SAN JOSE, Calif. - A new survey shows the average Bay Area homeowner is sitting on a million-dollar asset.
Monday in Los Gatos, realtor Joe Velasco hurried to prepare a property for sale. These days, his schedule allows time for two things. Selling seven-figure homes, and developing homes to be shown and sold for seven figures.
"There’s a lot of money here in the Valley, in the Silicon Valley and the Peninsula with the high-tech that is ongoing here in the Bay Area," he said.
Despite the COVID-crisis, the median price Bay Area-wide for a single-family home jumped 15% in the past year. It’s now slightly over $1 million.
"If you want an exclusive, gated community feel," said San Jose State Real Estate professor Kelly Snider, "…then, we’re on track for that."
Houses are also spending less time on the market, moving 46% faster than a year ago, according to a statewide survey.
Sticker shock extends to the East Bay and beyond. Few blink at Alamo’s $2.3 million median price. But Walnut Creek is up to $1.4 million, and Milpitas is close behind at $1.3 million.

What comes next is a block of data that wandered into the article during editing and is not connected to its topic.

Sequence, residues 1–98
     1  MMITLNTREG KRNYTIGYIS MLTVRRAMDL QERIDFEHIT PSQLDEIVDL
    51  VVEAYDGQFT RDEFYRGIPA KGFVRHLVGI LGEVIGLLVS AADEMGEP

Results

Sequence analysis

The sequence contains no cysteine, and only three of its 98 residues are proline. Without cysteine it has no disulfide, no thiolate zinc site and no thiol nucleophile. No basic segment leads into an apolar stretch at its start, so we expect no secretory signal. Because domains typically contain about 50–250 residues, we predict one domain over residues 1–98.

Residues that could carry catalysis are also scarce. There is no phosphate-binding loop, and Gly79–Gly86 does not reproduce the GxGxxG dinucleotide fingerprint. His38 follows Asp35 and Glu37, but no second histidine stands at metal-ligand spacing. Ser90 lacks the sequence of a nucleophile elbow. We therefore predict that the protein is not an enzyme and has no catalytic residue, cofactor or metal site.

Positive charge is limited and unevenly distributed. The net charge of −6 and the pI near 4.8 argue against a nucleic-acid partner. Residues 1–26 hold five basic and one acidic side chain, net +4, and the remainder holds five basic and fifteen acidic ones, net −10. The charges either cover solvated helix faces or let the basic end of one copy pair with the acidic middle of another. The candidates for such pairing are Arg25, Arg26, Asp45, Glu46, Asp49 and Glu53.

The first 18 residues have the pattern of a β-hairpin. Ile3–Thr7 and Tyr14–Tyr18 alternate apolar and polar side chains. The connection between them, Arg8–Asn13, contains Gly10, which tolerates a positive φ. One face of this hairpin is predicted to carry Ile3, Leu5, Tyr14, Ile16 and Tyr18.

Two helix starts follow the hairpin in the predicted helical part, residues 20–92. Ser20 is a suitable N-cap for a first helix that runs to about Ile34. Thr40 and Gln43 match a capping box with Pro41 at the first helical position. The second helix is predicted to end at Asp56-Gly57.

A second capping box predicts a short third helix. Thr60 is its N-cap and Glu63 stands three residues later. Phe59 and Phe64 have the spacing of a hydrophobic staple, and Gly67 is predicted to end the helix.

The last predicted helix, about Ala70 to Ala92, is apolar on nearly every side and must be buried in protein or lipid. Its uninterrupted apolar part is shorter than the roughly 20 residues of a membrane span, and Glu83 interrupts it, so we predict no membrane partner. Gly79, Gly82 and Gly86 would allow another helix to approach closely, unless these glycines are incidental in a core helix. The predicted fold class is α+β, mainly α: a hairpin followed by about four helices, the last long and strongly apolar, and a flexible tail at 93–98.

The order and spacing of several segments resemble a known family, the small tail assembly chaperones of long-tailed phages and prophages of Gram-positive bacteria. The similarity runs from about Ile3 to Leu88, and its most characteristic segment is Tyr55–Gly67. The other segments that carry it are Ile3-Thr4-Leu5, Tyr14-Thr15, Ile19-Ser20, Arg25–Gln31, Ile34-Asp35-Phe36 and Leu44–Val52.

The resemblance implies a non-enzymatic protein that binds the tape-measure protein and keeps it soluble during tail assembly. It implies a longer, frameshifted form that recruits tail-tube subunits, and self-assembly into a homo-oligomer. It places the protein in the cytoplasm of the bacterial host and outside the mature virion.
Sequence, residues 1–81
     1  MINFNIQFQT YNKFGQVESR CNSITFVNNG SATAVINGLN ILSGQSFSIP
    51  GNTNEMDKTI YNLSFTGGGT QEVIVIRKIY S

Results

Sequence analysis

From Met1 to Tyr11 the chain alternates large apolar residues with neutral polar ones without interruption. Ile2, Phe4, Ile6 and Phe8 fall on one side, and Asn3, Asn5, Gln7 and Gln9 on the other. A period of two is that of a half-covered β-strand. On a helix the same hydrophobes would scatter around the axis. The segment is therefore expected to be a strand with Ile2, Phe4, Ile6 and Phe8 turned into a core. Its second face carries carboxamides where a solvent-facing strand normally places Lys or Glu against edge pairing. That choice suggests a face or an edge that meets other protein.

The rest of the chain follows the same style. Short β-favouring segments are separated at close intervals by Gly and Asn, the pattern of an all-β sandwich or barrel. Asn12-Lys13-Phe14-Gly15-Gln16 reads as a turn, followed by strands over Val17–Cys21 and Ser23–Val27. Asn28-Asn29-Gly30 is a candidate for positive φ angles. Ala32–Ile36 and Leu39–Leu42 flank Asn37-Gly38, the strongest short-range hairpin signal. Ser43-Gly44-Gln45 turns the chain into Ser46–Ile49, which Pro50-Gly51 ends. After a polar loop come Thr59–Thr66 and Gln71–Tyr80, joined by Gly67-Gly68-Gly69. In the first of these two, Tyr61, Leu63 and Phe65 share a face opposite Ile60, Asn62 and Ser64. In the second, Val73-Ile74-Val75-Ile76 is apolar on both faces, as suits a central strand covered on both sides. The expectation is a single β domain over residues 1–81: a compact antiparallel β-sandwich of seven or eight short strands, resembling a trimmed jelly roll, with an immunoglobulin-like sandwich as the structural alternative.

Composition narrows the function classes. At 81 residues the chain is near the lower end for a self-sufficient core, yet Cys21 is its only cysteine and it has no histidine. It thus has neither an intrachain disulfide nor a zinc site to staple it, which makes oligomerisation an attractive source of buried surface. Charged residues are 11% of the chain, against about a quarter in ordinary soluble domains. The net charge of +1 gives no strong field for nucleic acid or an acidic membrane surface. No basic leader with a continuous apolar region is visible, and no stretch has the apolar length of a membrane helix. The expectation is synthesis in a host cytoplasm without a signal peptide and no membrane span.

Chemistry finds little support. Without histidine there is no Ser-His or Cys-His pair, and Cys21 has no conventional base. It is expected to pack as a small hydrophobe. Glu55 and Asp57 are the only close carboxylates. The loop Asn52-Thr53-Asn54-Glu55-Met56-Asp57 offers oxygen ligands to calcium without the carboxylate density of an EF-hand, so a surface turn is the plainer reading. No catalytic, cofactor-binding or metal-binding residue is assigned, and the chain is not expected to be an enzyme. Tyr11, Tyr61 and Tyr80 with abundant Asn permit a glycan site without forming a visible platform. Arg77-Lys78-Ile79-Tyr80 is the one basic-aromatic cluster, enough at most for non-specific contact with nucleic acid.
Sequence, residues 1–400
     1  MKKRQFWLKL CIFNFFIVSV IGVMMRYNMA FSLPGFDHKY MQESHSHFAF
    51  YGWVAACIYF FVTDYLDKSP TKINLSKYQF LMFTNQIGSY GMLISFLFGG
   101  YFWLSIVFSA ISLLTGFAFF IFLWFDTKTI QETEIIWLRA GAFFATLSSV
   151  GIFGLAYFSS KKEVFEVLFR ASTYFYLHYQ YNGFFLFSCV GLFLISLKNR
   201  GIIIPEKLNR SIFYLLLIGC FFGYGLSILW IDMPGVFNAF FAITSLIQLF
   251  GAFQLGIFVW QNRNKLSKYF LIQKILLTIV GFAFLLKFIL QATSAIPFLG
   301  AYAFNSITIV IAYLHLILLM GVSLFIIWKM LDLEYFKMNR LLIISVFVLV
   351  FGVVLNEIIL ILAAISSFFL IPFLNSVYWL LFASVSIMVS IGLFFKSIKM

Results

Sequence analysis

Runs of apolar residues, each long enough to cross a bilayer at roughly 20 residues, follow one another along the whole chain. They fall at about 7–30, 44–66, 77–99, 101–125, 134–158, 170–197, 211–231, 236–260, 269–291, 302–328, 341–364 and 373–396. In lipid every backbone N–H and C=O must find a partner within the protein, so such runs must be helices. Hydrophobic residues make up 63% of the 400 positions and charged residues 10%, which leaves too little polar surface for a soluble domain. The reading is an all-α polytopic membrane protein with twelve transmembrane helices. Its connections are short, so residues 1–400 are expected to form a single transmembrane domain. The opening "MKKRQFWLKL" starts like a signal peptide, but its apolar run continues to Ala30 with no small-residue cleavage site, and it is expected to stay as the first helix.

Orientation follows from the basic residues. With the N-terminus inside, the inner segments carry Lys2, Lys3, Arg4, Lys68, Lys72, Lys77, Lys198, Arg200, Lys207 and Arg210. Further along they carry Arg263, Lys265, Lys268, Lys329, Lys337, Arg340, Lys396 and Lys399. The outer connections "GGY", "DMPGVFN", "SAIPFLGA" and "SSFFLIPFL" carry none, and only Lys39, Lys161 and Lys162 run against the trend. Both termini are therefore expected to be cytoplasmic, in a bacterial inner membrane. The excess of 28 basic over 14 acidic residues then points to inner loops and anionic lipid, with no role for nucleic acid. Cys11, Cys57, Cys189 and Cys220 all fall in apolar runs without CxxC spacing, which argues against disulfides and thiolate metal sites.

"Throughout the whole country, we’ve seen changes in median pricing anywhere from 10 to 20, in some instances 30% of late," said Dr. Brian Marks, an economist at the University of New Haven.
Marks said the same types of behaviors seen in Bay Area home sales, such as bidding wars, are now commonplace.
"What’s driving a lot of this movement is the desire, as a result of the public health crisis, to move to areas that are less densely populated," said Dr. Marks.
But short supply means even with a Bay Area exodus, prime real estate commands top dollar.
"I bid at $950,000 over asking price, and I did not get that property," said Velasco.
As prices show no upper limit, some experts said a rethinking may be in order, to keep everyone in the home buying game.
"The very, very likely thing that will happen is a slow flattening of increases. So it may stagnate a little bit," said Prof. Snider.
Snider said we won’t see an impact on price until hundreds of thousands of new houses and units are built. That will likely take another decade. So in the short term, continued high prices here, and rising prices elsewhere as people try to find something more affordable.